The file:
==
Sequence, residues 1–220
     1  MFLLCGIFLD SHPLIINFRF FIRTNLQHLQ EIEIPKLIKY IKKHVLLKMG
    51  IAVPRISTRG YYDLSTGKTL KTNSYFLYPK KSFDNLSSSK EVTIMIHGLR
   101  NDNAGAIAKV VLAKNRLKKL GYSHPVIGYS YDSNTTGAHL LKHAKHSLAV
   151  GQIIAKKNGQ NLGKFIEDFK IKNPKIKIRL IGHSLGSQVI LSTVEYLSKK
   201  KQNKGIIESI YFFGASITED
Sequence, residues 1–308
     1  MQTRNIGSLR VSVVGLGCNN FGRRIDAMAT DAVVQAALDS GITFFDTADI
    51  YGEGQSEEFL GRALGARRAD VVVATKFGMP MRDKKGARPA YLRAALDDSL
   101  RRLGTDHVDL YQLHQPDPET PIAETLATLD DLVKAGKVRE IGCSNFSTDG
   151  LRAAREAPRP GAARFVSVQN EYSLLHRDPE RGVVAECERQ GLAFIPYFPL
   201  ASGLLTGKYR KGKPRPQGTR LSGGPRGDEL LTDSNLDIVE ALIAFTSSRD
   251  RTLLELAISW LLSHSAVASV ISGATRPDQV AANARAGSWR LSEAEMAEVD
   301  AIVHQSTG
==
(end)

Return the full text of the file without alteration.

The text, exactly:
Sequence, residues 1–220
     1  MFLLCGIFLD SHPLIINFRF FIRTNLQHLQ EIEIPKLIKY IKKHVLLKMG
    51  IAVPRISTRG YYDLSTGKTL KTNSYFLYPK KSFDNLSSSK EVTIMIHGLR
   101  NDNAGAIAKV VLAKNRLKKL GYSHPVIGYS YDSNTTGAHL LKHAKHSLAV
   151  GQIIAKKNGQ NLGKFIEDFK IKNPKIKIRL IGHSLGSQVI LSTVEYLSKK
   201  KQNKGIIESI YFFGASITED
Sequence, residues 1–308
     1  MQTRNIGSLR VSVVGLGCNN FGRRIDAMAT DAVVQAALDS GITFFDTADI
    51  YGEGQSEEFL GRALGARRAD VVVATKFGMP MRDKKGARPA YLRAALDDSL
   101  RRLGTDHVDL YQLHQPDPET PIAETLATLD DLVKAGKVRE IGCSNFSTDG
   151  LRAAREAPRP GAARFVSVQN EYSLLHRDPE RGVVAECERQ GLAFIPYFPL
   201  ASGLLTGKYR KGKPRPQGTR LSGGPRGDEL LTDSNLDIVE ALIAFTSSRD
   251  RTLLELAISW LLSHSAVASV ISGATRPDQV AANARAGSWR LSEAEMAEVD
   301  AIVHQSTG